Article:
An unapologetic plant geek shares advice and opinions on gardening, the contrived and the natural landscape, as well as occasional topics from the other side of the gate.

July 15, 2015

Eighth Annual Citywide Bloom Day

     If you have ever visited here for July's Garden Bloggers Bloom Day, then you may remember that I use the occasion to celebrate the crapemyrtle (Lagerstroemia species and hybrids). You can get the backstory on the relationship between the city of Norfolk and this particular tree from my first July GBBD. Recently I came across a breakdown of street trees in the city by species, and crapemytles account for 50.9% of all street trees. That's an amazingly large, and frighteningly undiverse, percentage. However, let's not contemplate the inherent danger of mono-cultures right now. Let's instead contemplate twisting, muscular trunks holding up huge canopies of dripping pinks, whites, and purples that gently rain down petals from late June until September, only to be followed by beautiful fall foliage, and later, strong winter silhouettes.

     Like I've down in the past, I hopped on my bike to see what could be seen for this month's Bloom Day. I headed to Ghent, one of Norfolk's most gentrified neighborhoods, and then made my way downtown, and there were plenty of crapemyrtles along the way to fill my lens.
Lagerstroemia (1)

Lagerstroemia (2)

Lagerstroemia (3)

Lagerstroemia (5)

Lagerstroemia (6)

Lagerstroemia (15)
Underneath this live oak, and to the right of the swing, is a stone circle in the ground. It is where my wife and I got married. The pink crapemyrtle had not been planted then.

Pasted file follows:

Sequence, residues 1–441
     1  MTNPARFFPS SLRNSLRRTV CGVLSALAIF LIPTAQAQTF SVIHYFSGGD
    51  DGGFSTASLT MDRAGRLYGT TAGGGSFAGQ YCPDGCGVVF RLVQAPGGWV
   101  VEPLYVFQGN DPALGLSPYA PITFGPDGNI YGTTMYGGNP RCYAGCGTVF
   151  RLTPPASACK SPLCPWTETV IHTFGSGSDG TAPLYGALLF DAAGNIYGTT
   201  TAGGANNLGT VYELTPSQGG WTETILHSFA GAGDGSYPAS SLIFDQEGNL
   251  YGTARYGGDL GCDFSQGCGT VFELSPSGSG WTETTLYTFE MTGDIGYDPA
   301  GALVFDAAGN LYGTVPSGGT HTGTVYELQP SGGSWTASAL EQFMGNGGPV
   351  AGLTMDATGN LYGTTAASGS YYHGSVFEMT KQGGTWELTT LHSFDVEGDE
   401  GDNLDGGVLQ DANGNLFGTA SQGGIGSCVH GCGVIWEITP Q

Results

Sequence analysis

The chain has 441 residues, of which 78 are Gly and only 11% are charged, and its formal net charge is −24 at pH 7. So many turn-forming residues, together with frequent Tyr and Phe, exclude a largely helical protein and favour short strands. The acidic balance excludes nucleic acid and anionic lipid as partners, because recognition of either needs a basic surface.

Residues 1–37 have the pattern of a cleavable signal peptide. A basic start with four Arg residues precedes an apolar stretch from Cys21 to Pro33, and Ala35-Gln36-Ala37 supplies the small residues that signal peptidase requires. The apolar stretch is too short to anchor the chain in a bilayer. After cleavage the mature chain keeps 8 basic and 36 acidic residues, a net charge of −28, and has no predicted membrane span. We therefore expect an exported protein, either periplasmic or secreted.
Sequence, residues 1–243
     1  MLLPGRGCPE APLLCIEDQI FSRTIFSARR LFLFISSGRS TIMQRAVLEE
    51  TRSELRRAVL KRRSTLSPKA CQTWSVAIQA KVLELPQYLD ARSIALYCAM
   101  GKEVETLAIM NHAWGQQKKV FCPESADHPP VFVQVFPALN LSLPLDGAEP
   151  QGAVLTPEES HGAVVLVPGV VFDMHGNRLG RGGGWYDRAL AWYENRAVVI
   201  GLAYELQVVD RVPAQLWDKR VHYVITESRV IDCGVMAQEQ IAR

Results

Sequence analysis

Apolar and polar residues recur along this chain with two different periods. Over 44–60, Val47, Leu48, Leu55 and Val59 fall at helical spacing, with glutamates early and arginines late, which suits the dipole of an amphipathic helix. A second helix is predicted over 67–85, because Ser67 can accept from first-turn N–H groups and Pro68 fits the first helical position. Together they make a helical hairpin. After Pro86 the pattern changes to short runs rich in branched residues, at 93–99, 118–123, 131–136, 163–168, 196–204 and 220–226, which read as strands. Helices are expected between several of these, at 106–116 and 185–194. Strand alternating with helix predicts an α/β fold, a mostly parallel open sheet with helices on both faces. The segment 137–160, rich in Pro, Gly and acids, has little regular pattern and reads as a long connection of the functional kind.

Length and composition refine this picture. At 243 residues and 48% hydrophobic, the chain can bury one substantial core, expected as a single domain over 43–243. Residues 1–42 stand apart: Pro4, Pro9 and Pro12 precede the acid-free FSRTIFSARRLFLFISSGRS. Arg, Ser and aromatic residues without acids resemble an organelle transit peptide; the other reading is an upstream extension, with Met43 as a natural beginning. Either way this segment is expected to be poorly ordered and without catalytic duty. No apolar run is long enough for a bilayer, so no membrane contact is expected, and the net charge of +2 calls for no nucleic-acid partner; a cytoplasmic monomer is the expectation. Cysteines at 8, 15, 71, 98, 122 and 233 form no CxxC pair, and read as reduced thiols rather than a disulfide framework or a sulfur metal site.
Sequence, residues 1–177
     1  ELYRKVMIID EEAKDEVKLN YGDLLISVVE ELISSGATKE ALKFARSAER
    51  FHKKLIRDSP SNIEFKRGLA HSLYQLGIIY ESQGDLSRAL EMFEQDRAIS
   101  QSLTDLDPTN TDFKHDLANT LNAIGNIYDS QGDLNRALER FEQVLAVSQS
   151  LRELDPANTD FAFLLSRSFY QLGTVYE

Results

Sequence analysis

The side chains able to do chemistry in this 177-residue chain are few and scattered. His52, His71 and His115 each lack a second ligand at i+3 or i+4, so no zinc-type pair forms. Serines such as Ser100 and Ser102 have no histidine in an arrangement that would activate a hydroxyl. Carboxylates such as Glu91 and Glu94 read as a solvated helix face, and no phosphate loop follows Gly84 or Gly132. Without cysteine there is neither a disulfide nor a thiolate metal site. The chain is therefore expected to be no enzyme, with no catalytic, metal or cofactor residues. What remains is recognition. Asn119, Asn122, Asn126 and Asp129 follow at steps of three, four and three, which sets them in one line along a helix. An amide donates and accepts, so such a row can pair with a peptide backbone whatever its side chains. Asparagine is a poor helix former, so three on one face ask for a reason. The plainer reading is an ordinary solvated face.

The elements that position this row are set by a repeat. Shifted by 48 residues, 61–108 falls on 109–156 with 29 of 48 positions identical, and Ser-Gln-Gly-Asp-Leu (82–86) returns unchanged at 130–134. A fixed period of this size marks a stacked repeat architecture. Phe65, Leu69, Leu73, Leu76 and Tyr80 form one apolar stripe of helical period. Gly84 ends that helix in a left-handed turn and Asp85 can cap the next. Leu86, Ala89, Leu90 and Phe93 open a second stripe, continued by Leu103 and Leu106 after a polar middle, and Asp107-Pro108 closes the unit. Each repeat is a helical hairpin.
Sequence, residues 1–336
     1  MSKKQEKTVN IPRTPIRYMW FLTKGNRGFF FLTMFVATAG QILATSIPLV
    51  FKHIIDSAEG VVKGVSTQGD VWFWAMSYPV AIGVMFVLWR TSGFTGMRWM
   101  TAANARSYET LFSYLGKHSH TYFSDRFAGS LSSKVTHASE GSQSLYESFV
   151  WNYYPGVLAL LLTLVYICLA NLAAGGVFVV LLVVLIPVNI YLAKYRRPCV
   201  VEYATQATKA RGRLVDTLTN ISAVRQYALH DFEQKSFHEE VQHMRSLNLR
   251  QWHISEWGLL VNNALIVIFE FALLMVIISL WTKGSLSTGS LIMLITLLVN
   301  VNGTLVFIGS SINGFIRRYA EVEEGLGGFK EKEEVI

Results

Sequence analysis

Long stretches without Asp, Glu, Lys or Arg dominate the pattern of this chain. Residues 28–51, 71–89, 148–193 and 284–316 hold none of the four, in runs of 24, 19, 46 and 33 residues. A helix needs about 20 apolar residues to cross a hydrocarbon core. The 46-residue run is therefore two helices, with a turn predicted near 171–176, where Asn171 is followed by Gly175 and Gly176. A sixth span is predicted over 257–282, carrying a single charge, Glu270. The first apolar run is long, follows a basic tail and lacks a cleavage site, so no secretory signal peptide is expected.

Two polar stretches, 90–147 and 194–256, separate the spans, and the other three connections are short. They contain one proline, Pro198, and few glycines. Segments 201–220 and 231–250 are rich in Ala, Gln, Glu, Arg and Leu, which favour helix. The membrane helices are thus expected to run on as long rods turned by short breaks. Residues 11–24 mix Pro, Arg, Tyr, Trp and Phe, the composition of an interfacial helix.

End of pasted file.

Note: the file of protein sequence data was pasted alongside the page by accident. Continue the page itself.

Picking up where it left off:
Lagerstroemia (10)
We had our reception in this building, where the red crapemyrtle pictured had already been a presence for years. 
Lagerstroemia (14)

Lagerstroemia (4)

Church for Sale (2)
The Unitarian Church, with its beautiful waterfront setting, is for sale. However, the congregants are tired of the increased flooding, and are looking for a drier place to worship.

Church for Sale (1)
After New Orleans, Norfolk is the city most at risk from sea level rise in North America. Fortunately it is not being ignored, but many hard choices will need to be made in the not so distant future, and not just at church board meetings. 

The TIde

Lagerstroemia (17)

Lagerstroemia (18)

Lagerstroemia (19)

Lagerstroemia (21)

Lagerstroemia (7)
The most interesting crapemyrtle I saw on my ride was nearly dead, but was adorned with about 50 clear glass ornaments, each holding a small plastic bone.

      Garden Bloggers Bloom Day is held on the 15th of each month, and is hosted by Carol at May Dreams Gardens.


  1. Beautiful city scenes!
    Happy Garden Bloggers' Bloom Day!

  2. I read that Dutch experts were coming to Norfolk to advise on methods of harnessing the water. Hope that something comes from that. I do miss those crapemyrtles.

  3. I enjoyed this bloom day tour on wheels. What a gorgeous place to live. Thanks for the ride!

  4. The ornaments and bones are very Midnight in the Garden of Good and Evil. What a gorgeous city!

  5. It's easy to see why you love crapemyrtle; so showy. I took a detour to the original post from 2008. I believe you had since upgraded your camera... Today's pictures are wonderful, and I especially love the one of the sail boats framed by the crapemyrtle. Perfect timing to get them all together; a few more minutes and they'd be scattered.

  6. I am beginning to warm up to crate myrtles, after not finding them to my liking. I could go for the really dark red one I have seen in recent years.

  7. OH lovely images Les. BTW the one after the tram didn't load.

    Halifax harbour residences will be in trouble when the sea starts to rise ...

  8. Interesting. That is, indeed, a large percentage of the total street trees. I first saw a large number of Crape Myrtles in bloom during a vacation in Branson in late June. They were lovely. Reminded me of Lilacs of the south. Norfolk is a beautiful city.

  9. I loved your city when we were through there in early summer. There is nothing fun about flooding. That's for sure. Beautiful crapemyrtles. I don't know what Oklahoma would do without this tree/shrub that asks for so little. I'm wondering about the significance of the clear ornaments each containing a bone. That's strange.~~Dee